Argued April 6, 1970.
Decided August 20, 1970.
Victor J. Ashe, Norfolk, Va. [Court-appointed] (S.W. Tucker, Seymour Dubow, and Hill, Tucker Marsh, Richmond, Va., on brief) for appellant.
Roger T. Williams, Asst. U.S. Atty. (Brien P. Gettings, U.S. Atty., on brief) for appellee.
Before BOREMAN, BRYAN and CRAVEN, Circuit Judges.
Ronald Douglas Patillo was convicted on two counts of threatening the life of the President of the United States in violation of 18 U.S.C. § 871 and was sentenced to terms totaling four years. He appeals, and we reverse and remand for a new trial.
18 U.S.C. § 871. Threats against President and successors to the Presidency. (a) Whoever knowingly and willfully deposits for conveyance in the mail or for a delivery from any post office or by any letter carrier any letter, paper, writing, print, missive, or document containing any threat to take the life of or to inflict bodily harm upon the President of the United States, the President-elect, the Vice President or other officer next in the order of succession to the office of President of the United States, or the Vice President-elect, or knowingly and willfully otherwise makes any such threat against the President, President-elect, Vice President or other officer next in the order of succession to the office of the President, or Vice President-elect, shall be fined not more than $1,000 or imprisoned not more than five years, or both.
Patillo was sentenced to two consecutive two year terms under the provisions of 18 U.S.C. § 4208(a) (1964).
The district judge, without a jury, found that Patillo made unlawful threats against President Nixon on two occasions while on duty as a security guard at the Norfolk Naval Shipyard. On the night of May 16, 1969, Patillo and another guard, Herbert N. Cherry, with whom he was only casually acquainted, were riding in a patrol car. Without preamble or explanation, Patillo stated to Cherry: "I'm going to kill President Nixon, and I'm going to Washington to do it." Neither conversant made further reference that night to the subject of Patillo's statement. Cherry reported the incident to his supervisor who in turn informed the Secret Service.
On May 22, 1969, a Secret Service agent was secreted in the trunk of a patrol car to be operated by Patillo and Cherry. While on patrol, with the Secret Service agent listening, Cherry engaged Patillo in conversation about the current rioting and about the President's nomination of a new Chief Justice of the Supreme Court. Patillo said that the rioting was bad, but did not reply to Cherry's inquiries about the Supreme Court. Cherry then asked Patillo if he thought "Mr. Nixon was doing a good job." Patillo said, "I will take care of him personally." Cherry asked how Patillo intended to accomplish that. Patillo did not directly respond, but stated that "he would gladly give up his life doing it * * *." Patillo further declared, in response to another question from Cherry, that getting close to the President would present no problem because "he (Patillo) did not need to get close to him (the President) to do it * * *." At that point the conversation terminated.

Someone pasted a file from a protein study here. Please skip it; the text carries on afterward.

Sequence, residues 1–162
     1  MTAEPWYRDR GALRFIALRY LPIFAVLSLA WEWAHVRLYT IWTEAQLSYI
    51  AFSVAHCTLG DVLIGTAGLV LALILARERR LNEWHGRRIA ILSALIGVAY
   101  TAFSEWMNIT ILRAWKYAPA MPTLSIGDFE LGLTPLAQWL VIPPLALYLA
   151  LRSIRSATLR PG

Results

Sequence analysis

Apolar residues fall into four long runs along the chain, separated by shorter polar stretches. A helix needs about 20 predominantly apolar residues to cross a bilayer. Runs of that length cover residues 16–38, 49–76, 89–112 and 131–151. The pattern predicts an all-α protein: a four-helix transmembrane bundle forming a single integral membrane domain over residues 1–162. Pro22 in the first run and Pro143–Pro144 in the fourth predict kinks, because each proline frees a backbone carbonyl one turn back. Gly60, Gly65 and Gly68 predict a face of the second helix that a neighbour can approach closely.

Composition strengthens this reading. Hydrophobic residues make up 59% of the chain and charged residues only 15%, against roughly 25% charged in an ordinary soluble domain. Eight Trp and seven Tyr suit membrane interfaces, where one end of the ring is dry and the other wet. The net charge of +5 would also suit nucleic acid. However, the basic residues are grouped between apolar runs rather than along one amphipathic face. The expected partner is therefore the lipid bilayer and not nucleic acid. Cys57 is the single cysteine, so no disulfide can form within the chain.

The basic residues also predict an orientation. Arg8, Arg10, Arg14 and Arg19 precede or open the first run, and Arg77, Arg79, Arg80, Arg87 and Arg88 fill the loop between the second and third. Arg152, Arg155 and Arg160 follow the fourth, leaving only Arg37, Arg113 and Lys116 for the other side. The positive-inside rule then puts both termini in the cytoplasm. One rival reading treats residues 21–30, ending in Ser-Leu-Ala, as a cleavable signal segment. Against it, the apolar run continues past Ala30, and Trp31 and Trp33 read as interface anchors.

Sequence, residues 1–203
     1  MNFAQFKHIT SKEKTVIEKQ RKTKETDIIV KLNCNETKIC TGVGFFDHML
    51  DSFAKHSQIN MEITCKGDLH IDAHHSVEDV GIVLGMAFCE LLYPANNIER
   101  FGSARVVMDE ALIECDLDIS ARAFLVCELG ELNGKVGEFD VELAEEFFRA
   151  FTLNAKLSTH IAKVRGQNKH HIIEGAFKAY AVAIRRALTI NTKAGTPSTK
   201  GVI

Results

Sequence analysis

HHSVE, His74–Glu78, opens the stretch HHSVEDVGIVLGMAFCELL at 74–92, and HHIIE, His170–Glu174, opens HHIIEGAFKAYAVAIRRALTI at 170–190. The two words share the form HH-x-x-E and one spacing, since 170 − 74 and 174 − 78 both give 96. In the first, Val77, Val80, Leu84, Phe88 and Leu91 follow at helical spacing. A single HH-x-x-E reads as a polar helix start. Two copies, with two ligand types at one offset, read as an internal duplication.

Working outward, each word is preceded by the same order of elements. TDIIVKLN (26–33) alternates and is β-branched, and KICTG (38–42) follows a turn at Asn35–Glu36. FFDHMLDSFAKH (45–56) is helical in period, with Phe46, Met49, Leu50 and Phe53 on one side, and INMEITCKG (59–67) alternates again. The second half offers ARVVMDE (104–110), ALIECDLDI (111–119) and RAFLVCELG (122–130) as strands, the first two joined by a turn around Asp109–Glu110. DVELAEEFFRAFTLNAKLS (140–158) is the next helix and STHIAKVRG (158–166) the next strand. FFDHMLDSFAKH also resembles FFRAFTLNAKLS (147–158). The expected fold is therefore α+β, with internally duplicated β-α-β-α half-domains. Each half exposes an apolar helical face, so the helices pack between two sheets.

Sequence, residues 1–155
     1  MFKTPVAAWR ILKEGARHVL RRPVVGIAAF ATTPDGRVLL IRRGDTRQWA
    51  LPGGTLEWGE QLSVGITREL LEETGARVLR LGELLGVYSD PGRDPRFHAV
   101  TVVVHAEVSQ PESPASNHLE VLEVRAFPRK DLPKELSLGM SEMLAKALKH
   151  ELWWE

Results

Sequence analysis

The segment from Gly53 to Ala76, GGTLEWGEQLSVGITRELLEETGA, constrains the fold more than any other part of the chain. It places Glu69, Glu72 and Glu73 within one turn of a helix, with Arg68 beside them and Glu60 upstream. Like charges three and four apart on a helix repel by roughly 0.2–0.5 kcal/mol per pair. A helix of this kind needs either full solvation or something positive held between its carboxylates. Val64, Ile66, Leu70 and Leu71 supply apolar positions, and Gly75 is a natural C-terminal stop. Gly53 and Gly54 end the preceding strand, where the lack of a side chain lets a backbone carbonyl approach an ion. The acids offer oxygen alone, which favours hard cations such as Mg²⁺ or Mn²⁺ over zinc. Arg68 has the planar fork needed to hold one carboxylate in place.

The trial court fully credited Cherry's testimony and that of the Secret Service agent. Patillo testified that he had no recollection of the May 16 conversation. He contended that he had nothing against President Nixon, that he didn't vote, that he was not concerned about politics and that he did not make the statement attributed to him by Cherry. As to the May 22 incident, Patillo testified that he remembered a discussion about the riots but that he had not mentioned or referred to President Nixon.
The Supreme Court recently interpreted, for the first time, the statute under which Patillo was convicted. Watts v. United States, 394 U.S. 705, 89 S.Ct. 1399, 22 L.Ed.2d 664 (1969). In a per curiam opinion, the Court held that 18 U.S.C. § 871(a) is constitutional on its face.
The Nation undoubtedly has a valid, even an overwhelming, interest in protecting the safety of its Chief Executive and in allowing him to perform his duties without interference from threats of physical violence. See H.R. Rep. No. 652, 64th Cong., 1st Session (1916). Nevertheless, a statute such as this one, which makes criminal a form of pure speech, must be interpreted with the commands of the First Amendment clearly in mind. What is a threat must be distinguished from what is constitutionally protected speech. 394 U.S. at 707, 89 S.Ct. at 1401.